Employers Can Now Legally Discriminate Against People With Dreadlocks


Naturalistas, beware. The 11th U.S. Circuit Court of Appeals has made it legal for employers to discriminate against applicants and employees with dreadlocks.

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The Equal Employment Opportunity Commission filed a lawsuit on behalf of Chastity Jones, a Mobile, Alabama, woman, after Catastrophe Management Solutions rescinded a job offer because of her dreadlocks. In May 2010, Jeannie Wilson, a human resources manager at the claims processing company, informed Jones along with other applicants that they had been hired. But shortly after that, during a private meeting, Wilson sang a different tune.

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“Before Ms. Jones got up to leave, Ms. Wilson asked her whether she had her hair in dreadlocks. Ms. Jones said yes, and Ms. Wilson replied that CMS could not hire her ‘with the dreadlocks,’” according to the case file. “When Ms. Jones asked what the problem was, Ms. Wilson said ‘they tend to get messy, although I’m not saying yours are, but you know what I’m talking about.’ Ms. Wilson told Ms. Jones about a male applicant who was asked to cut off his dreadlocks in order to obtain a job with CMS.”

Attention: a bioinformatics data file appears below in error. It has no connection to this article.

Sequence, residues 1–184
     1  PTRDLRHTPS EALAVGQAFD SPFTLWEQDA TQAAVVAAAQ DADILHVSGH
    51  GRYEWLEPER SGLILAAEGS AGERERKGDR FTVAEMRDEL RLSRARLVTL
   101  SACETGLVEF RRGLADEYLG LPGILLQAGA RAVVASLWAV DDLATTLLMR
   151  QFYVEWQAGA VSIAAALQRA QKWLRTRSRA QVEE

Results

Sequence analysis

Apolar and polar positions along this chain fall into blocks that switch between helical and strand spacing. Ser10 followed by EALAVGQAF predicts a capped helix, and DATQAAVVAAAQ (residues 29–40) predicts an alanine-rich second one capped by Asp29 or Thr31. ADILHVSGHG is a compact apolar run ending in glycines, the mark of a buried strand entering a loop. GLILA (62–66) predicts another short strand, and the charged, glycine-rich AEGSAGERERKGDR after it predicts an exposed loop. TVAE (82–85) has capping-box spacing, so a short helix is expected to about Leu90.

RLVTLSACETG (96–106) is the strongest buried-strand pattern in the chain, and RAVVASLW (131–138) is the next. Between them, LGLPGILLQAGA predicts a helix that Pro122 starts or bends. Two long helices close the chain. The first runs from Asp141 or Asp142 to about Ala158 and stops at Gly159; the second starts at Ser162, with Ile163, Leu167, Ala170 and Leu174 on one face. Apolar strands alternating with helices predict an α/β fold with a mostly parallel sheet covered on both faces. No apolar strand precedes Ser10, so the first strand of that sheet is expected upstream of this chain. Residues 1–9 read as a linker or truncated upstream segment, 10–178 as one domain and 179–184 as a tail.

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Jones refused to chop her locks. In return, “Ms. Wilson told her that CMS could not hire her, and asked her to return the paperwork she had been given. Ms. Jones did as requested and left,” the case file continues.

At the time, CMS had a “race-neutral grooming policy” requesting that employees have hairstyles that “reflect a business/professional image,” per the case file. Jones’ dreadlocks, a common natural hairstyle for black men and women, didn’t fall under that umbrella. The EEOC asserted that CMS violated Title VII of the Civil Rights Act of 1964, which “prohibits employment discrimination based on race, color, religion, sex and national origin.” 

The court disagreed, maintaining that dreadlocks, though “culturally associated with race,” aren’t an “immutable characteristic of black persons.” 

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